Friday, March 1, 2013

Cabernet Franc Saves The Night

We hadn't been to Vitello's Restaurant in a while, so Denise and I were taken aback by the new look at what was once a tried-and-true, old-style Italian-American eatery in the San Fernando Valley.  The restaurant was sold quite a while back, and the owners apparently took their time about making changes.

The changes they made to the old Rat-Packy restaurant really brought it into this century.  Gone are the red leatherette banquettes.  Gone are the old straw basket Chianti bottles.  Also gone, unfortunately, are the old recipes.

The very modern-looking redesign is nice enough.  Muted green fabric has replaced the red leatherette, the tablecloths are gone, swanky music is piped in through the sound system and there's a tree in the middle of the main room decorated with tiny white Christmas lights.  I suppose, since they are now used year-round nearly everywhere there is a tree in Los Angeles, that they are called "decor lights" or something like it.

The trouble is, some of us are clinging to the few remaining old-line, East Coast-style Italian restaurants with a death grip.  They are disappearing, these old haunts, and it's hard to see them slip away one by one.  If the ghosts of Sinatra, Martin, Davis and Bishop should materialize in Los Angeles, they will now have one less place to "try the veal."

I don't know whether or not the recipes at Vitello's were a part of the deal when the place sold, but even if the previous owners took the cookbook with them it should have been easy to find a new one.

Miso dressing on the chopped salad tastes OK, but it should be Italian.  The garlic bread doesn't look like garlic bread.  It's dark toast, with a lot of stuff on it besides butter and garlic.  Garlic bread isn't broken.  No need to fix it.  The chicken cacciatore, I don't even want to think about any more.  I don't know what kind of sauce was on it, but it wasn't tomato.  It seems as if the food is prepared by people who don't know what Italian-American food tastes like.  It's on par with the kind of cuisine one gets at an airport.

The food wasn't the end of the trouble, either.  Between the salad and the entree, our server was instructed to kick us off our two-top so it could be placed with a four-top to accommodate a larger party.  I don't mind moving, but I don't recall a restaurant ever asking me to do so.  Our server - who apparently knew a lot more about the restaurant business than the owners - was obviously mortified.  She offered us several different extras, on the house, which we politely declined.  She did take 20% off the check for our trouble, however.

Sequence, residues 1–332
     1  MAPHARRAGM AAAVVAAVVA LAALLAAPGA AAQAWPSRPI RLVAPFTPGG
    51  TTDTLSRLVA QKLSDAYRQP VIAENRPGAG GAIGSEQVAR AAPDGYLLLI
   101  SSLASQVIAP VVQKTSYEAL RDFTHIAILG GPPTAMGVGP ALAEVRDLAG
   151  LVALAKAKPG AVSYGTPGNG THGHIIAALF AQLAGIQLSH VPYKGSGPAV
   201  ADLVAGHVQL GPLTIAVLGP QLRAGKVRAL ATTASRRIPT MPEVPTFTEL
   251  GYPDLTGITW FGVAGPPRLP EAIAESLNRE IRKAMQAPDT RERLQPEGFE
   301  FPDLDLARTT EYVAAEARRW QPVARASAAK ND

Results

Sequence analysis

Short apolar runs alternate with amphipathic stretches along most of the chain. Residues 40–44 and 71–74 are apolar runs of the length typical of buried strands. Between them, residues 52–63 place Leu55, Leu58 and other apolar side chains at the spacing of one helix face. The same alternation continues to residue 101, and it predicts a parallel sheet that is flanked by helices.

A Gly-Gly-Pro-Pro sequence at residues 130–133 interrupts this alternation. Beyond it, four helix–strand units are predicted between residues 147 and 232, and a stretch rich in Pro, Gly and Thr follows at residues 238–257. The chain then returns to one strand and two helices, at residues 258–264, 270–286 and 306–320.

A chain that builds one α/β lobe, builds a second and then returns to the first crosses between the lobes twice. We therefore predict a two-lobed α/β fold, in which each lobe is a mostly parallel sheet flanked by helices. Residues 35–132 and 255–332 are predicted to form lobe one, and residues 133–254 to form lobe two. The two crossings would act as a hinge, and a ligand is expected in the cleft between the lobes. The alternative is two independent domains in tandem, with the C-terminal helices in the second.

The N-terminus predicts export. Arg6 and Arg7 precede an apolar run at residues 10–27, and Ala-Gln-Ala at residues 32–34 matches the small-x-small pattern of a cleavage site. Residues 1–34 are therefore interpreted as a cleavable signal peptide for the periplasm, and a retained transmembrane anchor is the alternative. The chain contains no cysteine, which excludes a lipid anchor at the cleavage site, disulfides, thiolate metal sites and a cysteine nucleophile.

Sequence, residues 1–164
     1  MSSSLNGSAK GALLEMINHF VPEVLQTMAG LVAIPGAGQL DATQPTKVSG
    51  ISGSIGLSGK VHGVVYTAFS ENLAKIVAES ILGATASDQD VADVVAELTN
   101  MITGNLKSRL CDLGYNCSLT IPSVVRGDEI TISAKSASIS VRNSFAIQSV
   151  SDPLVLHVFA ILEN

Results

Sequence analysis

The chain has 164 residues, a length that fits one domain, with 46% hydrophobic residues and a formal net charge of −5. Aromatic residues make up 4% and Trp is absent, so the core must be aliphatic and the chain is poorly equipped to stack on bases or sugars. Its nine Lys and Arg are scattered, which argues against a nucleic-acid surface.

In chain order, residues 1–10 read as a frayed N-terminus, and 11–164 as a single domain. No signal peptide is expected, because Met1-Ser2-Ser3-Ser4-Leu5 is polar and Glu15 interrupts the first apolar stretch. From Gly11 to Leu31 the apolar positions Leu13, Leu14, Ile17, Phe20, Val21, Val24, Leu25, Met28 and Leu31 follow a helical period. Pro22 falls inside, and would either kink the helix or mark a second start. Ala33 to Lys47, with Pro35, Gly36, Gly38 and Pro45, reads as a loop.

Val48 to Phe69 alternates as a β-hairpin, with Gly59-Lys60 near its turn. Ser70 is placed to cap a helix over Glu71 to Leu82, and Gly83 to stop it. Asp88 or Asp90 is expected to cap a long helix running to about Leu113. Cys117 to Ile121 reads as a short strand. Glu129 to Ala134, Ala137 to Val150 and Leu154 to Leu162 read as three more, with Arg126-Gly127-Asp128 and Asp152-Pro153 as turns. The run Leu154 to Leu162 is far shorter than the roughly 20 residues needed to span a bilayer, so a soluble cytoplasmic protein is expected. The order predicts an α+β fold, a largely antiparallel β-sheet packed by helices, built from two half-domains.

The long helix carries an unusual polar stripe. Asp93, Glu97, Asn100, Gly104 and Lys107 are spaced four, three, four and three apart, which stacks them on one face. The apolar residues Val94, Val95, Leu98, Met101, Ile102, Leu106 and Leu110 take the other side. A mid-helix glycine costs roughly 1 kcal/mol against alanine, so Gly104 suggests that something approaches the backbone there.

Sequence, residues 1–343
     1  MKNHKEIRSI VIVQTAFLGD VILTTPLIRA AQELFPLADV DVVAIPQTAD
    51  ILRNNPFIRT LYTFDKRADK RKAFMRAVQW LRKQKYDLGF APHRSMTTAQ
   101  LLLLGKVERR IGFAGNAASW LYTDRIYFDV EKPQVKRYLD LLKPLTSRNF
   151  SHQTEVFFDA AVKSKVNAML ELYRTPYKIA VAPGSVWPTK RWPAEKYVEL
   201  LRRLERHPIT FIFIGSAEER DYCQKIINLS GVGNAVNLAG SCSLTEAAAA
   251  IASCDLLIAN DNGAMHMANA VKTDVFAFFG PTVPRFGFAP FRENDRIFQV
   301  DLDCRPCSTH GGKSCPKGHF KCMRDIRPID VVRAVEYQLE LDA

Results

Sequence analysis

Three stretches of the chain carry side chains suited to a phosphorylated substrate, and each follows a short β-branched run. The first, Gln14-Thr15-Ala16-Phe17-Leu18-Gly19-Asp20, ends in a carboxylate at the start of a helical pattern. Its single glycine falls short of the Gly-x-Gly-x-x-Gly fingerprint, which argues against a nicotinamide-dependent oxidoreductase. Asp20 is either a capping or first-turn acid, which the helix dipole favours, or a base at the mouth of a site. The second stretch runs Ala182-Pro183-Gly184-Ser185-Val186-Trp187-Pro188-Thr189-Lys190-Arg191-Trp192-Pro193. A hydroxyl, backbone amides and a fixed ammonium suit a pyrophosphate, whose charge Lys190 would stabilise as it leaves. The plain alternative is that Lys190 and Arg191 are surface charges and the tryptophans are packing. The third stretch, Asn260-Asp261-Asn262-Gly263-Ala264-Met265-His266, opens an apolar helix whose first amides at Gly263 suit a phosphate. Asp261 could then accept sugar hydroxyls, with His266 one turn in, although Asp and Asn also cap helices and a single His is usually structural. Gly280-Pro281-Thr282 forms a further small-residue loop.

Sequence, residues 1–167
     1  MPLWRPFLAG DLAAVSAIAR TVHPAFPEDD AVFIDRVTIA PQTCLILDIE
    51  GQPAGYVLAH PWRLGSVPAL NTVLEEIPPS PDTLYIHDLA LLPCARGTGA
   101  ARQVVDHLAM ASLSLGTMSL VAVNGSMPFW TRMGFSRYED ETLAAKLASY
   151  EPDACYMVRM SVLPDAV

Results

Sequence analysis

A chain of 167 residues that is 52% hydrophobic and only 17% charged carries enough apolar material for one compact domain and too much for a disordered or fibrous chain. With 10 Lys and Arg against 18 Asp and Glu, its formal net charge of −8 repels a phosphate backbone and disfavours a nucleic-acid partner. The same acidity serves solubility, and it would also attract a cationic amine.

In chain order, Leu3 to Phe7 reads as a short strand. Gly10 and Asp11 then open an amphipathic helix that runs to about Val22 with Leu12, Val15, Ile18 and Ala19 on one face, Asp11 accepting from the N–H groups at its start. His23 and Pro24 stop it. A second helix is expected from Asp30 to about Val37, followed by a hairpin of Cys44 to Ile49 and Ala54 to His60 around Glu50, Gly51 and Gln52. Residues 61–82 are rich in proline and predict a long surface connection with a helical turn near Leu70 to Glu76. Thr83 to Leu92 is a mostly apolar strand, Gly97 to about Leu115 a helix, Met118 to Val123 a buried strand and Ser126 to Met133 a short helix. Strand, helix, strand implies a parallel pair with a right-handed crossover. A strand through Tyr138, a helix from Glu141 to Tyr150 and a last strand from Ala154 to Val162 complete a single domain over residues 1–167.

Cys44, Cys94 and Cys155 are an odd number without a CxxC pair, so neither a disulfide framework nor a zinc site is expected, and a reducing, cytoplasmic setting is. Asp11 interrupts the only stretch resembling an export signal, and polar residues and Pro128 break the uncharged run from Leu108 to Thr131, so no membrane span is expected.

Even so, we didn't feel that our dining dollars were very well spent.

With all that, at least the wine was good.  Vitello's wine list seems to be the one thing that changed for the better.  There are quite a few interesting choices by the glass, and a good number of bottles from which to choose.  It's a bit unusual to find a Cabernet Franc by the glass on a Los Angeles restaurant list, so I was happy to find it there.  Of course, their customers who liked the old cheap Chianti and cheap Pinot Grigio may not be too happy about it.

Napa Valley producer Cosentino is responsible for the Cab Franc that saved the evening for me, although it's not a Napa wine.

Cosentino's 2011 Cabernet Franc carries the Lodi appellation and a 14.3% alcohol number.  The grapes are 76% Cabernet Franc, 20% Cabernet Sauvignon and 4% Merlot.  The wine spends 20 months in oak - French and Hungarian - a quarter of which are new barrels.

The familiar Cab Franc spices and herbs grace the nose, while a beautiful green edge touches the blueberry and cherry flavors. There's a surprisingly light touch of vanilla and clove.  The wood is used to really great effect in this wine.

Hopefully, Vitello's can breathe some life into the food service the way they have done with the wine.  Until then, for me, it's a stop which will be reserved for happy hour only.

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